International Conference on Applications of Statistics and Probability in Civil Engineering (ICASP) (12th : 2015)

Load combination of aftershocks and tsunami for tsunami-resistant design Choi, Byunghyun; Nishida, Akemi; Itoi, Tatsuya; Takada, Tsuyoshi Jul 31, 2015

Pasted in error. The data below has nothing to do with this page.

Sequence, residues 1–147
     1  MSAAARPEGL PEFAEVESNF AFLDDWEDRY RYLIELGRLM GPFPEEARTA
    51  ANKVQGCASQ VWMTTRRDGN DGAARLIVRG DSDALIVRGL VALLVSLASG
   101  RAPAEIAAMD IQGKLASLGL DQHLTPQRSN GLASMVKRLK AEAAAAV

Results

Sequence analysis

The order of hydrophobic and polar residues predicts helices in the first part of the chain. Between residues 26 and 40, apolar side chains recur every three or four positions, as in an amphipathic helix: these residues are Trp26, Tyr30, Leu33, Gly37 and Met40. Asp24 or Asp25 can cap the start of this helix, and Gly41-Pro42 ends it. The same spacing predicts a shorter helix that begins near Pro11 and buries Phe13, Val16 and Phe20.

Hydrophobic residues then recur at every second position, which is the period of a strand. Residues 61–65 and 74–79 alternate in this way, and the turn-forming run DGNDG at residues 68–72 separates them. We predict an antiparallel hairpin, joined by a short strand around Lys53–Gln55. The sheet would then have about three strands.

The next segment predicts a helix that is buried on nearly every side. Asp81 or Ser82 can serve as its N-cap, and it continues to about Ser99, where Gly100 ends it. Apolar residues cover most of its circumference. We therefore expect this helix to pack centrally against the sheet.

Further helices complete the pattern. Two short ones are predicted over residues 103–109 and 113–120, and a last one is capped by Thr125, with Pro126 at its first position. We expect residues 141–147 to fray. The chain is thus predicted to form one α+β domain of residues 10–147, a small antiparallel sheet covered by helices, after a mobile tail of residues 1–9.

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12th International Conference on Applications of Statistics and Probability in Civil Engineering, ICASP12 Vancouver, Canada, July 12-15, 2015  1 Load Combination of Aftershocks and Tsunami for Tsunami-resistant Design Byunghyun Choi Center for Computational Science and e-Systems, Japan Atomic Energy Agency, Kashiwa, Japan Akemi Nishida Center for Computational Science and e-Systems, Japan Atomic Energy Agency, Kashiwa, Japan Tatsuya Itoi Associate Professor, Graduate School of Engineering, the University of Tokyo, Tokyo, Japan Tsuyoshi Takada Professor, Graduate School of Engineering, the University of Tokyo, Tokyo, Japan ABSTRACT: Occurrence of huge tsunami and numerous aftershocks are expected after a gigantic subduction earthquake occurs. Therefore, the important coastal structures (tsunami refuge buildings, seawalls and nuclear power plants etc.) must be designed against tsunami as well as ground shaking. In tsunami-resistant design, it is needed to consider that tsunami may arrive at the structure in a short time after the mainshock from the experience of 2011 Tohoku earthquake. When the action effects both from aftershocks and tsunami to the structure occur simultaneously, practically reasonable assessment of load combination from aftershocks and tsunami is needed. In order to treat the load combination problem reasonably, stochastic load combination technique can be used, which requires stochastic modeling of action effects from aftershocks and tsunami. Once the combined action effect is estimated reasonably, the reliability analysis follows, where load and resistance factors can be obtained under the condition that the conditional target reliability for a limit state function is given. Load combination method of aftershocks and tsunami on the tsunami-resistant design is demonstrated at some sites in Japan. Finally, load and resistance factor design format for the tsunami-resistant design is proposed.  1. INTRODUCTION After a gigantic subduction earthquake (e.g., 2011 Tohoku earthquake) occurs, the occurrence of tsunami is expected along with many aftershocks that follow. If an important structure is located at seashore, the structure must be designed against tsunami as well as ground motion. And even if seismic design and tsunami-resistant design have been designed respectively, if the aftershock and tsunami occur at the same time, how should it be designed? In tsunami-resistant design, it is needed to consider that tsunami may arrive at the structure in a short time after the mainshock (from a few minutes to a few hours) from the experience of 2011 Tohoku earthquake. Therefore, both aftershocks and tsunami should be considered simultaneously for designing facilities located at seashore such as tsunami refuge buildings, seawalls and nuclear power plants etc. When the action effects both from aftershocks and tsunami to the structure occur simultaneously, practically reasonable assessment of load combination from aftershocks and tsunami is needed. In order to treat the load combination problem reasonably, stochastic load combination technique can be used, which requires stochastic modeling of action effects from aftershocks and tsunami. To do so, the authors developed the probabilistic aftershock hazard analysis method which calculates the relationship between the ground motion intensity due to the aftershocks 12th International Conference on Applications of Statistics and Probability in Civil Engineering, ICASP12 Vancouver, Canada, July 12-15, 2015  2 and their exceedance probability under the condition of a specified mainshock. Wave height of tsunami due to the mainshock depends on the distance from the epicenter of the mainshock and its magnitude can be given by the tsunami height attenuation law proposed elsewhere. Once the combined action effect is estimated reasonably, the reliability analysis follows, where load and resistance factors can be obtained under the condition that the conditional target reliability for a limit state function is given. Load combination method of aftershocks and tsunami on the tsunami-resistant design is demonstrated at some sites in Japan. Finally, load and resistance factor design format for the tsunami-resistant design is proposed. 2. METHODOLOGY 2.1. Proposed framework for load combination The concept of aftershocks and tsunami load combination is shown in Figure 1. First, the maximum tsunami arrival time in the evaluation site is expressed as elapsed time ta from the mainshock occurrence, tsunami completion time is expressed as te from the mainshock occurrence. Thus, tsunami duration can be represented by te-ta. According to the analysis result of the 2011 Tohoku earthquake, tsunami arrival time (ta) was a short time after the mainshock (from a few minutes to a few hours), and tsunami duration (te-ta) was a few minutes. On the other hand, load effects of the aftershocks exist immediately after the mainshock, simultaneous effects of aftershocks and tsunami in structure are considered to the tsunami duration (te-ta). In this study, the aftershocks and tsunami load combination in tsunami duration will be considered in the statistical method, we propose a load and resistance combination factors for tsunami-resistant design. In other words, the maximum high of the tsunami will arrive the site ta from the mainshock, and the maximum value is assumed to continue within tsunami duration, it will be combined with the maximum value of the aftershock loads during tsunami duration. 2.2. Analysis condition In this study, to evaluate load combination factors of aftershocks and tsunami in Tohoku region, the mainshocks are assumed to be the 2011 Tohoku earthquake (Mm=9.0) and the 1933 Sanriku earthquake (Mm=8.1), and the evaluation sites are assumed to be K-NET locations of Hachinohe, Tateichi, Kuji, Hudai, Miyako and  Kamaishi. The aftershock area is assumed to be an expanded fault plane that is enlarged from the relationship between the mainshock magnitude and aftershock area on the basis of the fault plane of the mainshock. The evaluation sites and aftershock area is shown in Figure 2. A target structure is assumed to be a tsunami evacuation building of 10-story RC structure. And its size is assumed width =40m, depth =20m, height =40m. From the experience of the 2011 Tohoku earthquake, the tsunami arrival time (ta) is set 0, 30, 60 minutes after the mainshock, the tsunami duration is set 30 minutes, inundation   Figure 1: Concept of aftershocks and tsunami load combination  Figure 2: Evaluation sites and aftershock area 138 140 142 144 1463334353637383940414243KamaishiMiyakoHudaiKujiTaneichiHachinoheAftershock Area (2011 Tohoku Earthquake)Mainshock Fault Plane (2011 Tohoku Earthquake)Mainshock Fault Plane (1933 Sanriku Earthquake)Aftershock Area (1933 Sanriku Earthquake)Mainshock Fault Plane (1896 Sanriku Earthquake)Aftershock Area (1896 Sanriku Earthquake)12th International Conference on Applications of Statistics and Probability in Civil Engineering, ICASP12 Vancouver, Canada, July 12-15, 2015  3 height is assumed to be constant during tsunami duration. The limit state is set as a state that horizontal load of aftershocks and tsunami exceeds the lateral resistance of the structure. 2.3. Analysis model The design equation corresponding to the limit state function using aftershocks and tsunami load combination for a tsunami refuge building is represented by   n A An T TnA Mn T Tn M Mn T TnR Q QrQ Q Q Q          (1) where QAn is the conditional representative value of aftershocks load during tsunami duration under the specified mainshock occurrence, we assume it is a mean value based on aftershock hazard analysis, QTn is the conditional representative value of tsunami load under the specified mainshock occurrence, we assume it is a mean value estimated from Abe law (1989), QMn is the conditional representative value of mainshock load under the specified mainshock occurrence, we assume it is a median value estimated from the attenuation relationship (Si and Midorikawa, 1999), Rn is the nominal value of lateral resistance, γA is the load factor for aftershocks, γT is the load factor for tsunami, γM is the load factor for aftershocks by the mainshock of aftershocks,   is the resistance factor, and r(=QAn/QMn) is the ratio of the nominal value of the load effect due to aftershocks during the tsunami duration to the nominal value of the load effect due to the mainshock.  In this study, first, load effect of the aftershocks is modeled. In this study, the horizontal base shear force of n story structures is focused on. According to the Recommendations for Loads on Buildings (2004), the seismic base shear force (QA) is given as  12 nA kkPGAQ wg   (2) where wk is the weight of the floor k [kN], g is the gravity acceleration [m/s2], n is the number of stories of target building, and PGA is Peak Ground Acceleration due to aftershocks [m/s2].  The PGA is a random variable that is determined by the probabilistic aftershock hazard analysis method proposed by authors. (e.g., approximately 2 times of the ground seismic response). To model the error among earthquakes, σ is used as the variation among the earthquakes. Mean value and mean + σ of aftershock PGA in each evaluation site are summarized in Table 1. Also, the distribution type of PGA is assumed to be lognormal. Median of PGA due to the mainshock in each evaluation site is calculated using the attenuation relationships (Si and Midorikawa, 1999).   Next, according to the tsunami-resistant design (2004), the tsunami force (QT) is given as       212 22 2 1 1316 62zT zQ gB h z dzgB hz z hz z      (3) where B is the width of target structure [m], ρ is the mass per unit volume of water [t/m3], z1 is the minimum height of the tsunami pressure receiving surface (1 20 z z  ) [m], z2 is the maximum height of the tsunami pressure receiving surface (1 2 3z z h  ) [m], and h is the design tsunami inundation depth [m]. According to Abe (1989), the mean value of the design tsunami inundation depth is calculated. And the distribution type of h is assumed to be lognormal. According to Aida (1978), its natural logarithm standard deviation is 0.42. The mean value of load bearing capacity (R) is decided by the target reliability index. Its COV (Coefficient of Variation) is assumed 0.2, and the distribution type is assumed to be lognormal. The Advanced First Order Second Moment (AFOSM) is used as an analysis method (Hoshiya et al., 1986). In this study, βT is the conditional target reliability index under the specified mainshock occurrence. Therefore, it is necessary to determine βT by considering the occurrence frequency of the mainshock. According to the Headquarters for Earthquake Research Promotion (2014), a return period of Tohoku earthquake is   12th International Conference on Applications of Statistics and Probability in Civil Engineering, ICASP12 Vancouver, Canada, July 12-15, 2015  4 Table 1: Summary of input values for reliability analysis Sites Variable 2011 Tohoku Eq 1896 Sanriku Eq 1933 Sanriku Eq Type Note Mean COV Mean COV Mean COV Hachinohe PGA0-30 [cm/s2] 83 1.61 68.2 1.37 11.7 1.13 Lognormal Mean 185 1.35 140 1.25 22.2 1.05 Lognormal Mean +σ PGA30-60 [cm/s2] 62 1.73 53.5 1.46 9.5 1.20 Lognormal Mean 135 1.50 107 1.35 17.8 1.11 Lognormal Mean +σ PGA60-90 [cm/s2] 53 1.81 46.3 1.52 8.4 1.25 Lognormal Mean 113 1.59 91.8 1.41 15.5 1.16 Lognormal Mean +σ PGAmain [cm/s2] 176 - 238 - 93 - - Median h[m] 9.6 0.42 3.7 0.42 1.2 0.42 Lognormal  R[kN] - 0.2 - 0.2 - 0.2 Lognormal  Taneichi PGA0-30 [cm/s2] 106 1.58 81.3 1.36 14.8 1.12 Lognormal Mean 234 1.28 166 1.22 28.2 1.05 Lognormal Mean +σ PGA30-60 [cm/s2] 79 1.71 63.8 1.45 12.1 1.19 Lognormal Mean 171 1.43 128 1.31 22.5 1.11 Lognormal Mean +σ PGA60-90 [cm/s2] 67 1.79 55.1 1.51 10.6 1.25 Lognormal Mean 143 1.52 109 1.38 19.7 1.16 Lognormal Mean +σ PGAmain [cm/s2] 215 - 283 - 118 - - Median h[m] 10.3 0.42 4.1 0.42 1.3 0.42 Lognormal  R[kN] - 0.2 - 0.2 - 0.2 Lognormal  Kuji PGA0-30 [cm/s2] 125 1.52 76.7 1.34 16.6 1.11 Lognormal Mean 274 1.21 157 1.21 31.6 1.03 Lognormal Mean +σ PGA30-60 [cm/s2] 94 1.65 60.2 1.42 13.5 1.18 Lognormal Mean 201 1.35 120 1.31 25.3 1.10 Lognormal Mean +σ PGA60-90 [cm/s2] 79 1.73 52.1 1.48 11.9 1.23 Lognormal Mean 168 1.44 103 1.37 22 1.14 Lognormal Mean +σ PGAmain [cm/s2] 270 - 262 - 126 - - Median h[m] 11.3 0.42 4.3 0.42 1.4 0.42 Lognormal  R[kN] - 0.2 - 0.2 - 0.2 Lognormal  Hudai PGA0-30 [cm/s2] 146 1.52 78.8 1.33 19.3 1.09 Lognormal Mean 322 1.20 161 1.21 36.6 1.02 Lognormal Mean +σ PGA30-60 [cm/s2] 108 1.65 61.9 1.42 15.7 1.16 Lognormal Mean 235 1.35 123 1.30 29.3 1.08 Lognormal Mean +σ PGA60-90 [cm/s2] 92 1.74 53.5 1.48 13.8 1.21 Lognormal Mean 197 1.44 106 1.36 25.6 1.13 Lognormal Mean +σ PGAmain [cm/s2] 336 - 268 - 141 - - Median h[m] 12.4 0.42 4.7 0.42 1.5 0.42 Lognormal  R[kN] - 0.2 - 0.2 - 0.2 Lognormal  Miyako PGA0-30 [cm/s2] 167 1.38 69.8 1.31 21.5 1.07 Lognormal Mean 358 1.07 142.2 1.21 40.7 0.99 Lognormal Mean +σ PGA30-60 [cm/s2] 125 1.51 54.9 1.40 17.5 1.14 Lognormal Mean 265 1.21 109.3 1.30 32.6 1.06 Lognormal Mean +σ PGA60-90 [cm/s2] 106 1.59 47.5 1.46 15.4 1.19 Lognormal Mean 223 1.30 93.7 1.36 28.5 1.11 Lognormal Mean +σ PGAmain [cm/s2] 469 - 234 - 148 - - Median h[m] 15.0 0.42 5.0 0.42 1.6 0.42 Lognormal  R[kN] - 0.2 - 0.2 - 0.2 Lognormal  12th International Conference on Applications of Statistics and Probability in Civil Engineering, ICASP12 Vancouver, Canada, July 12-15, 2015  5 Table 1: Summary of input values for reliability analysis (continue) Sites Variable 2011 Tohoku Eq 1896 Sanriku Eq 1933 Sanriku Eq Type Note Mean COV Mean COV Mean COV Kamaishi PGA0-30 [cm/s2] 174 1.35 52.7 1.27 20 1.06 Lognormal Mean 373 1.05 107 1.20 37.9 0.99 Lognormal Mean +σ PGA30-60 [cm/s2] 130 1.49 41.5 1.36 16.3 1.13 Lognormal Mean 276 1.18 82.5 1.29 30.4 1.05 Lognormal Mean +σ PGA60-90 [cm/s2] 111 1.54 35.9 1.42 14.3 1.18 Lognormal Mean 232 1.27 70.8 1.35 26.5 1.10 Lognormal Mean +σ PGAmain [cm/s2] 533 - 179 - 134 - - Median h[m] 18.1 0.42 4.8 0.42 1.5 0.42 Lognormal  R[kN] - 0.2 - 0.2 - 0.2 Lognormal   600 years, and that of Sanriku earthquake is 97 years. So we set the conditional target reliability index (βT) from 0 to 1.0, the design value of aftershocks and tsunami load combination is calculated. Then, the load combination factor is calculated from the ratio of the representative value and the design value. 3. RESULT 3.1. Analysis result The aftershocks and tsunami load combination factor from reliability analysis result is shown in Figures 3 and 4. First, the result at Kamaishi is shown in Figure 3, and the results at all evaluation sites are shown in Figure 4.  According to Figure 3, regardless of the mainshocks, when the target reliability index increases, the tsunami load factor increases, the aftershock load factor by the mainshock is almost constant, the resistance factor decreases. By the time elapsed from the mainshock, the aftershock load factor by the mainshock tend to become smaller. The difference between 30-60 [min] and 60-90 [min] was smaller than that between 0-30 [min] and 30-60 [min]. This is because the occurrence rate of aftershocks decreased as the time elapsed from the mainshock. But the influence of the time elapsed from the mainshock in the tsunami load factor and the resistance factor was small. To confirm the influence of variation (the error among the earthquakes) in the aftershock hazard, Figures 3(a), 3(c), 3(e) and Figures 3(b), 3(d), 3(f) are compared. As a result, the variation is significant in the aftershock load factor by the mainshock, the aftershock load factor was approximately 3 times in consideration of the error among the earthquakes. On the other hand, to confirm the influence of the magnitude of mainshock, result of the 2011 Tohoku earthquake (Mm=9.0) and the 1896 Sanriku earthquake (Mm=8.5) and the 1933 Sanriku earthquake (Mm=8.1) are compared. Because the shortest distance from the evaluation site to the fault plane is different site by site, it is difficult to compare directly. But the aftershock load factor and tsunami load factor of the 1933 Sanriku earthquake had a smaller tendency than the results of the 2011 Tohoku earthquake and the 1896 Sanriku earthquake. Also by the time elapsed from the mainshock, the decrease of aftershock load factor by mainshock and the increase of tsunami load factor are observed. Especially, changes in the tsunami load factor of the 1933 Sanriku earthquake is remarkable. This is because the mainshock magnitude of the 1933 Sanriku earthquake is smallest among the other earthquakes, is due to the load effect of the tsunami has accounted for a small portion compared with the load effect due to aftershocks. Next, summarized are the results of all evaluation sites, the relationship between the fault distance and the load combination factor for target reliability index is shown in Figure 4. In order to evaluate the load combination factor for safe side,  12th International Conference on Applications of Statistics and Probability in Civil Engineering, ICASP12 Vancouver, Canada, July 12-15, 2015  6 (a) 2011 Tohoku Earthquake (Mean)  (b) 2011 Tohoku Earthquake (Mean+σ)  (c) 1896 Sanriku Earthquake (Mean)  (d) 1896 Sanriku Earthquake (Mean+σ)  (e) 1933 Sanriku Earthquake (Mean)  (f) 1933 Sanriku Earthquake (Mean+σ)  Figure 3: The aftershock and tsunami load combination factor (at Kamaishi) 0 0.2 0.4 0.6 0.8 100.20.40.60.811.21.41.61.82Target Reliability Index(βT)Load Combination Factor  Aftershock(γM0-30)Tsunami(γT0-30)Resistant(φ0-30)Aftershock(γM30-60)Tsunami(γT30-60)Resistant(φ30-60)Aftershock(γM60-90)Tsunami(γT60-90)Resistant(φ60-90)0 0.2 0.4 0.6 0.8 100.20.40.60.811.21.41.61.82Target Reliability Index(βT)Load Combination Factor  Aftershock(γM0-30)Tsunami(γT0-30)Resistant(φ0-30)Aftershock(γM30-60)Tsunami(γT30-60)Resistant(φ30-60)Aftershock(γM60-90)Tsunami(γT60-90)Resistant(φ60-90)0 0.2 0.4 0.6 0.8 100.20.40.60.811.21.41.61.82Target Relibility Index(βT)Load Combination factor  Aftershock(γM0-30)Tsunami(γT0-30)Resistant(φ0-30)Aftershock(γM30-60)Tsunami(γT30-60)Resistant(φ30-60)Aftershock(γM60-90)Tsunami(γT60-90)Resistant(φ60-90)0 0.2 0.4 0.6 0.8 100.20.40.60.811.21.41.61.82Target Reliablity Index(βT)Load Combination Factor  Aftershock(γM0-30)Tsunami(γT0-3Resistant(φ0-3)Aftershock(γM30-60)Tsunami(γT30-60)Resistant(φ30-60)Aftershock(γM60-90)Tsunami(γT60-90)Resistant(φ60-90)0 0.2 0.4 0.6 0.8 100.20.40.60.811.21.41.61.82Target Reliability Index(βT)Load Combination Factor  Aftershock(γM0-30)Tsunami(γT0-30)Resistant(φ0-30)Aftershock(γM30-60)Tsunami(γT30-60)Resistant(φ30-60)Aftershock(γM60-90)Tsunami(γT60-90)Resistant(φ60-90)0 0.2 0.4 0.6 0.8 100.20.40.60.811.21.4.61.82Target Reliability Index(βT)Load Combination Factor  Aftershock(γM0-30)Tsunami(γT0-30)Resistant(φ0-30)Aftershock(γM30-60)Tsunami(γT30-60)Resistant(φ30-60)Aftershock(γM60-90)Tsunami(γT60-90)Resistant(φ60-90)12th International Conference on Applications of Statistics and Probability in Civil Engineering, ICASP12 Vancouver, Canada, July 12-15, 2015  7 (a) Aftershock load factor γM (βT=0.0)  (b) Tsunami load factor γT (βT=0.0)  (c) Resistance factorφ (βT=0.0)  (d) Aftershock load factor γM (βT=0.5)  (e) Tsunami load factor γT (βT=0.5)  (f) Resistance factorφ (βT=0.5)  (g) Aftershock load factor γM (βT=1.0)  (h) Tsunami load factor γT (βT=1.0)  (i) Resistance factor φ (βT=1.0)  Figure 4: The relationship between the fault distance and the load combination factor  including the effects of elapsed time from the mainshock, the aftershock load factor by the mainshock and tsunami load factor in each target reliability index are selected large value, but resistance factor is selected small value. According to Figure 4, the load combination factor was almost constant regardless of the fault distance. However, the aftershock load factor by mainshock of the 1933 Sanriku earthquake was smallest among the other earthquakes. This is because the aftershock occurrence rate is related to mainshock magnitude. On the other hand, the 50 100 150 20000.20.40.60.811.21.41.61.82Fault Distantce[km]Aftershock Load Factor by Mainshock  2011 Tohoku Earthquake(Mean)2011 Tohoku Earthquake(Mean+σ)1933 Sanriku Earthquake(Mean)1933 Sanriku Earthquake(Mean+σ)1896 Sanriku Earthquake(Mean)1896 Sanriku Earthquake(Mean+σ)50 100 150 20000.20.40.60.811.21.41.61.82F ult Distance[km]Tsunami Load Factor  2011 To oku Earthquake(Mean)2011 To oku Earthquake(Mean+σ)1933 Sanriku Earthquake(Mean)1933 Sanriku Earthquake(Mean+σ)1896 Sanriku Earthquake(Mean)1896 Sanriku Earthquake(Mean+σ)50 100 150 20000.20.40.60.811.21.41.61.82Fault Distance[km]Resistance Factor  2011 Tohoku Earthquake(Mean)2011 Tohoku Earthquake(Mean+σ)1933 Sanriku Earthquake(Mean)1933 Sanriku Earthquake(Mean+σ)1896 Sanriku Earthquake(Mean)1896 Sanriku Earthquake(Mean+σ)50 100 150 20000.20.40.60.811.21.41.61.82Fault Distance[km]Aftershock Load Factor by Mainshock  2011 Tohok  rt k ( )2011 Tohok  rt k ( )1933 Sanriku Earthquake(Mean)1933 Sanriku Earthquake(Mean+σ)1896 Sanriku Earthquake(Mean)1896 Sanriku Earthquake(Mean+σ)50 100 150 20000.20.40.60.811.21.41.61.82Fault Distance[km]Tsunami Load Factor  2011 To o  rt ( )2011 To ok  rt k ( )1933 Sanriku Earthquake(Mean)1933 Sanriku Earthquake(Mean+σ)1896 Sanriku Earthquake(Mean)1896 Sanriku Earthquake(Mean+σ)50 100 150 20000.20.40.60.811.21.41.61.82Fault Distance[km]Resistance Factor  2011 To ok  rt k ( )2011 To ok  rt k ( )1933 Sanriku Earthquake(Mean)1933 Sanriku Earthquake(Mean+σ)1896 Sanriku Earthquake(Mean)1896 Sanriku Earthquake(Mean+σ)50 100 150 20000.20.40.60.811.21.41.61.82Fault Distance[km]Aftershock Load Factor by Mainshock  2011 Tohoku Earthquake( ean)2011 Tohoku Earthquake( ean+ )1933 Sanriku Earthquake(Mean)1933 Sanriku Earthquake(Mean+σ)1896 Sanriku Earthquake(Mean)1896 Sanriku Earthquake(Mean+σ)50 100 150 20000.2.40.60.811.21.41.61.82Fault Distance[km]Tsunami Load Factor  2011 Tohoku Earthquake(Mean)2011 Tohoku Earthquake(Mean+σ)1933 Sanriku Earthquake(Mean)1933 Sanriku Earthquake(Mean+σ)1896 Sanriku Earthquake(Mean)1896 Sanriku Earthquake(Mean+σ)50 100 150 20000.20.40.60.811.21.41.61.82Fault Distance[km]Resistance Factor  2011 To oku Earthquake(Mean)2011 To oku Earthquake(Mean+ )1933 Sanriku Earthquake(Mean)1933 Sanriku Earthquake(Mean+σ)1896 Sanriku Earthquake(Mean)1896 Sanriku Earthquake(Mean+σ)12th International Conference on Applications of Statistics and Probability in Civil Engineering, ICASP12 Vancouver, Canada, July 12-15, 2015  8 resistance factor was almost constant regardless of the mainshock magnitude. In addition, when the aftershock hazard is increased by the error among the earthquakes, the aftershock load factor by the mainshock were increased in any cases. However, there was no change in the tsunami load factor due to the error among the earthquakes in the 2011 Tohoku earthquake, but the tsunami load factor became smaller by aftershock hazard increase in the 1896 Sanriku earthquake and the 1933 Sanriku earthquake. The reason for this is that the proportion of the tsunami load effects on the aftershock load effect in the 1896 Sanriku earthquake and the 1933 Sanriku earthquake are smaller than the 2011 Tohoku earthquake.  3.2. Load combination factor for tsunami-resistant design Summarizing the result of Figure 4, the load and resistance factor design format for the tsunami-resistant design of conditional target reliability index is as follows. Because we consider the very rare condition that the gigantic subduction earthquake (Tohoku and Sanriku earthquake) occurs, the conditional target reliability index is set to 0 and 0.5.  Mm=9.0, conditional target reliability index=0, Mean: 0.98 0.14 0.88n Mn TnR Q Q  (4) Mean+σ: 0.98 0.41 0.88n Mn TnR Q Q  (5) Mm=9.0, conditional target reliability index=0.5, Mean: 0.95 0.15 1.26n Mn TnR Q Q  (6) Mean+σ: 0.95 0.49 1.25n Mn TnR Q Q  (7) Mm=8.5, conditional target reliability index=0, Mean: 0.98 0.11 0.86n Mn TnR Q Q  (8) Mean+σ: 0.98 0.25 0.86n Mn TnR Q Q  (9) Mm=8.5, conditional target reliability index=0.5, Mean: 0.95 0.15 1.25n Mn TnR Q Q  (10) Mean+σ: 0.95 0.47 1.24n Mn TnR Q Q  (11) Mm=8.1, conditional target reliability index=0, Mean: 0.98 0.06 0.87n Mn TnR Q Q  (12) Mean+σ: 0.98 0.11 0.87n Mn TnR Q Q  (13) Mm=8.1, conditional target reliability index=0.5, Mean: 0.95 0.10 1.19n Mn TnR Q Q  (14) Mean+σ: 0.95 0.24 1.08n Mn TnR Q Q  (15) 4. CONCLUSIONS To evaluate the load combination of aftershocks and tsunami on the tsunami-resistant design, some case study are demonstrated at some sites in Japan. Finally, load and resistance factor design format for the tsunami-resistant design is proposed. 5. REFERENCES B. Choi, T. Itoi and T. Takada. (2013). “Probabilistic aftershock occurrence model and hazard assess-ment for post-earthquake restoration activity plan”. J. Struct. Constr. Eng. AIJ. Vol.78. No.690. pp.1377-1383. (in Japanese). Port and Airport Research Institute. (2011). Survey results. http://www.pari.go.jp/info/tohoku-eq/20110328mlit.html/ (accessed 2013-11-01). R. Sato. (1989). “Handbook of fault parameters for Japanese earthquakes”. Kajima Institute Publ-ishing. (in Japanese).  ISO. (1998). “General principles on reliability for structures”. ISO 2394. Architectural Institute of Japan. (2004). “Recommen-dations for Loads on Buildings”. H. Si and S. Midorikawa. (1999). “Attenuation Relations for Peak Ground Acceleration and Velocity Considering Effects of Fault Type and Site Condition”. J. Struct. Constr. Eng. AIJ. No. 523. 63-70. (in Japanese). T. Okada, T. Sugano, T. Ishikawa, T. Ogi, S. Takai and T. Hamabe. (2004b). “Structural Design Method of Building to Seismic Sea Wave, No.2 Design Method (a Draft)”. Building Letter. The Building Center of Japan.  pp.1-8. (in Japanese). K. Abe. (1989). “Estimation of Tsunami heights from Magnitudes of Earthquake and Tsunami”. Bull. Earthquake Res. Inst. Tokyo Univ. 64. pp.51-69. I  Aida. (1978). “Reliability of a tsunami source model derived from fault parameters”. Journal of Physics of the Earth. Vol.26. No.1. pp.57-73. M. Hoshiya and K. Ishii. (1986). “The reliability designing of structures”. Kajima Institute Publi-shing. (in Japanese).  The Headquarters for Earthquake Research Promotion. (2014).Long-termEvaluation. http://www.jishin.go.jp/main/choukihyoka/kaikou.htm/ (accessed 2014-12-18).